King Salman bin Abdulaziz al-Saud of Saudi Arabia shakes hands with President Trump at the opening session of the Gulf Cooperation Council summit in Riyadh, Saudi Arabia, on May 21. (Saudi Press Agency/European Pressphoto Agency)

For many American Muslim activists and scholars, the bar for Donald Trump’s speech to the Muslim world was low.

Speaking on Sunday from a podium in Riyadh, Saudi Arabia, Trump didn’t repeat his earlier claim that “Islam hates us.” He didn’t warn of an influx of Muslim refugees as a “Trojan horse.” And he didn’t emphasize the need to “name our enemy” with the words “radical Islamic terrorism.”

So for that — for the absence of disparaging rhetoric about Islam and the Middle East — American Muslim academic and political leaders said Trump’s speech to a summit of around 50 Arab and Muslim leaders on his first overseas trip as president was noteworthy.

“I thought it was a welcome 180 on everything he’s been saying over the past two years,” said Dalia Mogahed, director of research at the Institute for Social Policy and Understanding, which studies American Muslim attitudes.

Addressing Muslim leaders in Saudi Arabia, the 7th-century birthplace of Islam, Trump avoided references to “extreme vetting” or his travel ban on visitors from six majority-Muslim countries, which has been suspended by a court. Instead, he extolled Islam as “one of the world’s great faiths” and the Middle East as a region of great beauty.

He urged Muslim leaders to drive terrorists out of their territories, but also noted for the first time that Muslims have “borne the brunt of the killings” in terrorist violence.

To some viewers in the United States, where Muslims make up about 1 percent of the population, the pivot was surprising — particularly after days of hand-wringing over the news that Trump’s adviser Stephen Miller, a longtime critic of Islam, would be drafting the speech.

But the shift also provoked cynicism.

“If there’s one thing we’ve learned about Trump, it’s that he just wants to get the deal done, and he changes his message based on the audience,” said Sahar Aziz, a law professor at Texas A & M University and a frequent commentator on American Muslim affairs.

She noted that Trump on Saturday signed a $110 billion arms deal with Saudi Arabia, a key purpose of the visit.

“At the end of the day, he’s an opportunist and isn’t someone you can trust to hold his word,” Aziz said.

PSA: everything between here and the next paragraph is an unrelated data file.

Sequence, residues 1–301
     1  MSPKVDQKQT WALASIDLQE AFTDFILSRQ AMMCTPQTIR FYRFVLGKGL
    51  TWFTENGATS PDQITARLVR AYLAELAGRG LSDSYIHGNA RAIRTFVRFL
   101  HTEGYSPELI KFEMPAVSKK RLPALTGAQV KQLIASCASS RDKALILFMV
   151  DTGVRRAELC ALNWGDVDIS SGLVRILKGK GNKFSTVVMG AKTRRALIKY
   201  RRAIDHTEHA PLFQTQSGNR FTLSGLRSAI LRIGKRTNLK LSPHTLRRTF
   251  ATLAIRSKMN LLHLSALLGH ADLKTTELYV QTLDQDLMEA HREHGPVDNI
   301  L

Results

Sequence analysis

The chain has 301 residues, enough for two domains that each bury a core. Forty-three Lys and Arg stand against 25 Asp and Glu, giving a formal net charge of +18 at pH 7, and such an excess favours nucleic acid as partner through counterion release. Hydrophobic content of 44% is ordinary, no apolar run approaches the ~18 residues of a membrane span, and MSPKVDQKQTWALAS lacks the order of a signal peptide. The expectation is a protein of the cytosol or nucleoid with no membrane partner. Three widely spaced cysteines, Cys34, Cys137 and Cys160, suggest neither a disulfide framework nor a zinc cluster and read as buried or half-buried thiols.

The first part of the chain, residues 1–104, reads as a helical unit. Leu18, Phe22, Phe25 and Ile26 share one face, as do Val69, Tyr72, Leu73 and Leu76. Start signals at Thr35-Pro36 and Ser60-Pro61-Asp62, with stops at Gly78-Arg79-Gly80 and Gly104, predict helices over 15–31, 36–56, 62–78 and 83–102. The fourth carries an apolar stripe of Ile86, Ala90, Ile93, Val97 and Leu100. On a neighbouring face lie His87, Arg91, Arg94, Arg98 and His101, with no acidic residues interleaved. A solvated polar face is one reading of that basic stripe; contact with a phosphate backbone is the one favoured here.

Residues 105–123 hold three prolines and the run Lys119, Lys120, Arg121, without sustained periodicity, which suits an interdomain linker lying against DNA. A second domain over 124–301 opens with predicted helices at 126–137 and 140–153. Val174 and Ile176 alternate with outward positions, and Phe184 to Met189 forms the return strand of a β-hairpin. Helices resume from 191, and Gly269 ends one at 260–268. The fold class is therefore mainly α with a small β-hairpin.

Trump made no mention of the United States’ 3.3 million Muslims during his 30-minute speech in Riyadh, an omission that disturbed some observers.

“Obama always tied in some element of Muslim Americans, about how Muslims in our country are part of our social fabric. But there was zero mention of Muslim Americans in Trump’s speech,” said Zaki Barzinji, former president Barack Obama’s liaison to the Muslim community and now a senior policy adviser for the Muslim Public Affairs Council. “It’s almost like he’s trying to cement the idea that there is a division between the Muslim world and the West.”

Human rights activists and ordinary citizens across the Middle East have long criticized the Saudi monarchy and the region’s other authoritarian regimes as instigators of oppression, sectarian violence, instability and ultimately extremism in the Muslim world.

Wajahat Ali, a writer and attorney who has studied the anti-Muslim movement in the United States, thought that Trump’s unwillingness Sunday to criticize Saudi Arabia — a country Trump has previously linked to terrorism — was an indication of Trump’s hypocrisy, more than any shift in attitude or policy.

The Trump administration’s $110 billion arms deal with Saudi Arabia, signed on Saturday, was a key purpose for the trip.

“One consistent thread that we’ve found out so far is if you lavish Trump with praise, if you shower him with bling, if you take out cannons and jets and the red carpet, he will become putty in your hands. He will eat halal shawarma from your fingers,” said Ali. “For a moment, I thought that a Saudi PR firm had written the speech.”

Secretary of State Rex Tillerson said Sunday that Trump was not addressing human rights abuses because “the primary reason we’re here today is to confront this threat of terrorism.”

Shadi Hamid, a senior fellow at the Brookings Institution and an expert on U.S. relations with the Muslim world, said the speech could help reset the Trump administration’s relationship with Muslims — if he sticks to the same tone.

“Putting the context of the speech aside, the imagery is striking: Here is Donald Trump in the birthplace of Islam speaking to Muslim leaders from across the world, and the Koran is being recited before he gives his address. That’s crazy and surreal to me,” Hamid said. “That’s at least somewhat positive in showing that he’s going out of his way to address Muslim leaders in a way that’s not overly antagonistic.”